Jiayu Zhou Jiayu Zhou Email is a staff research scientist at Samsung Research America, leading the architecture design and development of a large-scale recommendation engine, delivering personalized Ads/TV programs recommendation to millions Samsung Smart TV devices. Jiayu received his Ph.D. degree in computer science at Arizona State University in 2014, under the supervision of Professor Jieping Ye. Jiayu has a broad research interest in large-scale machine learning and data mining, and biomedical informatics. He has served as Senior Program Committee of IJCAI 2015. He also served as program committee members in premier conferences such as NIPS, KDD, ICDM, SDM, WSDM, ACML and PAKDD. He serves as an Associate Editor of Neurocomputing. Most of Jiayu's research has been published in top machine learning and data mining venues including NIPS, SIGKDD, and ICDM. One of his papers has been selected for the best student paper award in ICDM 2014.

Deguang Kong Deguang Kong Email is currently a senior research scientist at Samsung Research America, Silicon Valley, leading the design and implementation of large-scale security aware app recommendation and privacy risk ranking systems for mobile devices. Before joining Samsung Research America, he ever worked as a research intern at America Los Alamos National Lab and NEC Research Lab Silicon Valley. He has strong interdisciplinary background in machine learning/data mining and cyber security. He has worked on various research projects, including robust feature learning via structural sparsity, distance learning and label propagation for malware classification, security-aware mobile app ranking and recommendation, etc. He has published over 20 referred articles in top conferences, including KDD, ICDM, SDM, WSDM, CIKM, ICML, NIPS, AAAI, ECML/PKDD, CVPR, SIGMETRICS, INFOCOM, etc. He was invited to serve as a reviewer for numerous top conferences and journals, such as KDD, ICDM, CCS, INFOCOM, TKDE, TNNLS, TKDD, and DMKD, etc.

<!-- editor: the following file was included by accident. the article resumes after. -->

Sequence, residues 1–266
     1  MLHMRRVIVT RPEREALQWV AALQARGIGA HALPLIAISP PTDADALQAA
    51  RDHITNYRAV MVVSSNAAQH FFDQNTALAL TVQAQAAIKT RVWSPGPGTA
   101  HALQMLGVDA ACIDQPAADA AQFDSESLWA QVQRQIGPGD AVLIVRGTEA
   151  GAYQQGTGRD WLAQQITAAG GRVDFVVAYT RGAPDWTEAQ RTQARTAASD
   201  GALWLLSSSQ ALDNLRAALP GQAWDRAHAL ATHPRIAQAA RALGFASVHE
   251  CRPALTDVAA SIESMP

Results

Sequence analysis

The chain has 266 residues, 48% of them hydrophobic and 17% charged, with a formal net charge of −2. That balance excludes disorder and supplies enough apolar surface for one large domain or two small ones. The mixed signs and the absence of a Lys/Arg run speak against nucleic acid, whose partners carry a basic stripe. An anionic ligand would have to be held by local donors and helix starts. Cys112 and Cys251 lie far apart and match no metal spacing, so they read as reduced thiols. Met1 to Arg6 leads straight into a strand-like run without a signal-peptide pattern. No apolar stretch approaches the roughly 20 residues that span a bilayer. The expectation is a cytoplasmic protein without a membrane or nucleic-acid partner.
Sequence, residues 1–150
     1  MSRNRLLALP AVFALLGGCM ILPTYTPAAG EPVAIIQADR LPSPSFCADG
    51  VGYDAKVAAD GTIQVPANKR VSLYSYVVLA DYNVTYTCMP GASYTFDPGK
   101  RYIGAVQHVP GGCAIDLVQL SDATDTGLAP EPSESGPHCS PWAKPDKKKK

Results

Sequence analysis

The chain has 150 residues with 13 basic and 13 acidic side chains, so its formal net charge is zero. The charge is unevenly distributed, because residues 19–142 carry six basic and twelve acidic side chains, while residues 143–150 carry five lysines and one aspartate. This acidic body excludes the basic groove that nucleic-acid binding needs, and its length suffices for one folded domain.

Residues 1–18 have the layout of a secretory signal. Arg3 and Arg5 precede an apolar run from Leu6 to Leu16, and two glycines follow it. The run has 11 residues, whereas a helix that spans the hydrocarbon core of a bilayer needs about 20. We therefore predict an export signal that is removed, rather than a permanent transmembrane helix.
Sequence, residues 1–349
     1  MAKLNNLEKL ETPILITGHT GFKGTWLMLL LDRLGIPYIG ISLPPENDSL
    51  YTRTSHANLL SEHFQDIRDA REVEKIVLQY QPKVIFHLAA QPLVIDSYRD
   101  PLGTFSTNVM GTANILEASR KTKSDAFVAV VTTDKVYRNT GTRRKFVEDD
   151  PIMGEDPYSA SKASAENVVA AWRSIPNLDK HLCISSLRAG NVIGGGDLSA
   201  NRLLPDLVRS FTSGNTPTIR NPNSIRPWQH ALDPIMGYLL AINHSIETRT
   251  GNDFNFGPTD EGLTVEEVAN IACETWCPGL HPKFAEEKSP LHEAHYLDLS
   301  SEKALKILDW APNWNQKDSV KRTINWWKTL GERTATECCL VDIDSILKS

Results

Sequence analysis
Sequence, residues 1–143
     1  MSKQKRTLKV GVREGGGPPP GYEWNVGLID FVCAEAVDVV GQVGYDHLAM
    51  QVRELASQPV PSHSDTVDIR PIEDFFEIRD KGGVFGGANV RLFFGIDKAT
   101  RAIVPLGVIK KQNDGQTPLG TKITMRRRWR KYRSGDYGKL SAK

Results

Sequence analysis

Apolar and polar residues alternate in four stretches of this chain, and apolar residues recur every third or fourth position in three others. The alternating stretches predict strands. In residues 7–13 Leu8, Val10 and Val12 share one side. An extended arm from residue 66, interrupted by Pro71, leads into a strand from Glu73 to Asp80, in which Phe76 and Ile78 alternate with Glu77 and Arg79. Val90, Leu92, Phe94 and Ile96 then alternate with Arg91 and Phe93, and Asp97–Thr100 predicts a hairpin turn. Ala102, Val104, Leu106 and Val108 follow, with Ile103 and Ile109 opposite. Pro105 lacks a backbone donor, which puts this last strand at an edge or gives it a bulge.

Publicity Chair

Shiyu Chang, University of Illinois at Urbana-Champaign

Proceedings Chair

Yuheng Hu, IBM Almaden Research Center

Program Committee


May 2, Saturday. Morning Session

8:30-9:30 Workshop opening
Invited talk I: MF (Matrix Factorization) and FM (Factorization Machines) for Recommender Systems
Speaker: Chih-Jen Lin, National Taiwan University
9:30 – 10:20 Invited talk II: Machine Learning at Facebook
Speaker: Sofus Macskassy, Facebook
10:20 – 10:30 Short Break
10:30 – 11:20 Invited talk III: Orthogonal Rank-One Matrix Pursuit for Low Rank Matrix Completion
Speaker: Jieping Ye, University of Michigan
11:20 – 11:40 Contributed paper talk: Similarity Dependency Dirichlet Process for Aspect-Based Sentiment Analysis
Speaker: Wanying Ding, Drexel University
11:40 – 12:00 Contributed paper talk: Recommendations on a Knowledge Graph
Speaker: László Grad-Gyenge, Vienna University of Technology
Lunch Break (on your own)

May 2, Saturday. Afternoon Session

13:30 – 14:20 Invited talk IV: Probabilistic Graphical Models for Recommendation in Social Media
Speaker: Martin Ester, Simon Fraser University
14:20 – 15:10 Invited talk V: Relational learning using bilinear models and its application in E-commerce
Speaker: Shenghuo Zhu, Alibaba Group
15:10 – 15:35 Break
15:35 – 16:20 Invited talk VI: Recommendation in Biomedical Informatics
Speaker: Fei Wang, University of Connecticut
Accepted Papers
ID Title and Authors
1 Similarity Dependency Dirichlet Process for Aspect-Based Sentiment Analysis
Wanying Ding, Drexel University
Xiaoli Song, Drexel University
Yue Shang, Drexel University
Junhuan Zhu, Rochester University
Lifan Guo, TCL Research America
Xiaohua Hu, Drexel University
2 Recommendations on a Knowledge Graph
László Grad-Gyenge, Vienna University of Technology
Peter Filzmoser, Vienna University of Technology
Hannes Werthner, Vienna University of Technology
3 Decentralized Recommender Systems
Zhangyang Wang, University of Illinois at Urbana-Champaign
Xianming Liu, University of Illinois at Urbana-Champaign
Shiyu Chang, University of Illinois at Urbana-Champaign
Jiayu Zhou, Samsung Research America
Guo-Jun Qi, University of Central Florida
Thomas S. Huang, University of Illinois at Urbana-Champaign